• The adoption of Internet of Things (IoT), Artificial Intelligence and other cutting-edge technologies of the future, will inherently demand stringent compliances to Privacy and hence Privacy Professionals will have to be engaged to ensure Business Continuity among all corporate and industry houses.

Why do businesses in India have to ensure compliances under the DPDP Act?

Organisations must address several key compliance requirements under the DPDP Act:

  1. Accountability: The newly setup Data Protection Board of India (DPB), will take over the aspect of accountability on behalf of the Act.
  2. Reporting: Reporting of compliance on security front to CERT-In and also to the DPB for violation/breaches.
  3. Designate: Privacy Manager, Consent Manager, DPO, Nodal Officer for Privacy, factoring the concern of Privacy at the Board Level, etc; need to be undertaken.
  4. Representation: The need to identify the organisation as Data Fiduciary, Significant Data Fiduciary, Data Principal and Data Processor.
  5. Transparency: Clearly communicate data collection, usage, and sharing practices to individuals.
  6. Consent: Obtain informed consent from individuals before collecting or using their personal data, unless there is another lawful basis for processing.
  7. Data Minimization: Collect only the data necessary for the specified purpose.
  8. Data Security: Implement appropriate security measures to protect personal data from unauthorized access, use, disclosure, modification, or destruction.
  9. Penalties: The schedule to the Bill specifies penalties for various offences such as up to: (i) Rs 200 crore for non-fulfilment of obligations for children, and (ii) Rs 250 crore for failure to take security measures to prevent data breaches.  Penalties will be imposed by the Board after conducting an inquiry. 
  10. Data Breach Notification: Notify the Data Protection Authority (DPA) and affected individuals of any data breaches without undue delay.
  11. Individual Rights: Respect individuals’ rights to access, rectify, erase, restrict, port, and object to the processing of their personal data.
  12. Data Governance: Establish a robust data governance framework to oversee data privacy practices.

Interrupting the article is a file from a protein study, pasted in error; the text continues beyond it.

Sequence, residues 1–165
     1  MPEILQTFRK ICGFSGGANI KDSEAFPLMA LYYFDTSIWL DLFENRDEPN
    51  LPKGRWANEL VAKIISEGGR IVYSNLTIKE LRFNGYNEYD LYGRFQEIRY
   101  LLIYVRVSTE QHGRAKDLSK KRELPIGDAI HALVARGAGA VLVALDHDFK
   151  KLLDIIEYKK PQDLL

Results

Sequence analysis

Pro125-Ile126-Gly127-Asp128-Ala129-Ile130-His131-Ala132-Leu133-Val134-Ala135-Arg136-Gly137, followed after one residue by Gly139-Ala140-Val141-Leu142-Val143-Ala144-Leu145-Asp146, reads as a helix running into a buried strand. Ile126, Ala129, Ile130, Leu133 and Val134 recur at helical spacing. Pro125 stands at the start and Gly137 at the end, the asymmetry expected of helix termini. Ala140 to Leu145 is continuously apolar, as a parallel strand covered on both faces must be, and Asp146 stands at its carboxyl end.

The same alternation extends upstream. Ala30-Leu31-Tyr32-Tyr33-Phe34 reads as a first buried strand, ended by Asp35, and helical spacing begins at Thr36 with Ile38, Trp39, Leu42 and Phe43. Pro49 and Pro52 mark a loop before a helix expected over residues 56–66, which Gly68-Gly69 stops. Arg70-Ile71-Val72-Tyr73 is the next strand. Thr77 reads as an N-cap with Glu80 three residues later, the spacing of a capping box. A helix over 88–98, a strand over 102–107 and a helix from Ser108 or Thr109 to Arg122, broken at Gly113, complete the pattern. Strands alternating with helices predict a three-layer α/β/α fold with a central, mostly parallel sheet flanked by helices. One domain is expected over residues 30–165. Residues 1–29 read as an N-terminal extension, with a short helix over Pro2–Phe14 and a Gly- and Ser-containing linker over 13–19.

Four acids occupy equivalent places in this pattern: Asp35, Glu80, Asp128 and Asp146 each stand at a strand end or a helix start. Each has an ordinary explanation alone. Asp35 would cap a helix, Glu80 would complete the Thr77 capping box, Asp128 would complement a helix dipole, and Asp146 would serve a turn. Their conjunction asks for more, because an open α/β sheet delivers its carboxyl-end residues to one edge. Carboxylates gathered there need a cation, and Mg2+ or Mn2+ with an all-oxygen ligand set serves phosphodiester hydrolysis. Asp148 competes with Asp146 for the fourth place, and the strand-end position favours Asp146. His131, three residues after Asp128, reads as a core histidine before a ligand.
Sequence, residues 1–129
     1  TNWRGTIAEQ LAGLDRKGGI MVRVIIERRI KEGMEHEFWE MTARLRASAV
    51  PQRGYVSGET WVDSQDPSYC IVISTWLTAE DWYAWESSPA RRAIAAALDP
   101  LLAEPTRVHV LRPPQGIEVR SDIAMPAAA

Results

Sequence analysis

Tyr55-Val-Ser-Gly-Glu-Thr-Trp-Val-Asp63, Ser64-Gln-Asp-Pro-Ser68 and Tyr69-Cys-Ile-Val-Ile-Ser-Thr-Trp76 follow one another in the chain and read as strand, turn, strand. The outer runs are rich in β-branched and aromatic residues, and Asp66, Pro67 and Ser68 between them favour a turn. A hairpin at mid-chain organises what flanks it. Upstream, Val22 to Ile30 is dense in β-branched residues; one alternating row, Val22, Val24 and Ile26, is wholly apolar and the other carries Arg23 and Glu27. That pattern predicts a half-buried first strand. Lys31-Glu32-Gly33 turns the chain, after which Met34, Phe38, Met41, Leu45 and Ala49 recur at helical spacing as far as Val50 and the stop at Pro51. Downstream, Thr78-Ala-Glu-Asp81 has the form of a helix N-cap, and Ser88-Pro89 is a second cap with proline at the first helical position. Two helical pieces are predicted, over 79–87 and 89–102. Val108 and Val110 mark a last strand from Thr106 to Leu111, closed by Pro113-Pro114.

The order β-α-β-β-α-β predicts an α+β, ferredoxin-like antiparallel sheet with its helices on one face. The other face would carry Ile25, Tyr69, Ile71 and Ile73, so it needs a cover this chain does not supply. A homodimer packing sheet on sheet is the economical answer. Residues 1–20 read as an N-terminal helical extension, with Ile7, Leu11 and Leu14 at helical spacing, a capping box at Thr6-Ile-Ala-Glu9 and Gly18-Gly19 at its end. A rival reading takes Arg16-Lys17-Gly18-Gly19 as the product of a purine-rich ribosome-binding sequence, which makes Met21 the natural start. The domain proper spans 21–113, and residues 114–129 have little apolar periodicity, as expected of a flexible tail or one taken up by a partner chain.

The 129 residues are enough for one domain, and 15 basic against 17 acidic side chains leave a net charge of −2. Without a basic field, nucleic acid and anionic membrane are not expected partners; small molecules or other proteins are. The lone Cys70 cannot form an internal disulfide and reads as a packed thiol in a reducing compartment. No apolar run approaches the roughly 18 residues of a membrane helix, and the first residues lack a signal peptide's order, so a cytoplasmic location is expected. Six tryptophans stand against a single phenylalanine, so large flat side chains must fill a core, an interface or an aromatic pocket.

What is the role of data privacy professionals in DPDP Act compliance?

Data privacy professionals play a pivotal role in ensuring DPDP Act compliance within organisations. Their expertise in data privacy principles, regulations, and best practices is invaluable in guiding organisations towards effective data governance and risk management.

All the mentioned Privacy Professionals have to perform the undermentioned duties:

  1. Developing and Implementing Data Privacy Policies and Procedures: Create and implement comprehensive data privacy policies and procedures aligned with the DPDP Acts requirements.
  2. Reporting: Reporting to CERT-In, DPA, Government (Both Federal and Central).
  3. Certification: based on need as required for self-sustenance and cross-organisational collaboration.
  4. Conducting Data Privacy Trainings and Awareness Programs: Educate employees on data privacy principles, compliance requirements, and their roles in protecting personal data.
  5. Privacy Audit: The need to conduct and coordinate Audit activities.
  6. Advising on Data Privacy Impact Assessments: Assist in conducting data privacy impact assessments for new or significantly changed data processing activities.
  7. Managing Data Privacy Incidents: Oversee the investigation and remediation of data privacy incidents, ensuring compliance with reporting obligations.
  8. Maintaining Liaison with Regulatory Authorities: Liaise with the DPA to address regulatory inquiries and ensure ongoing compliance.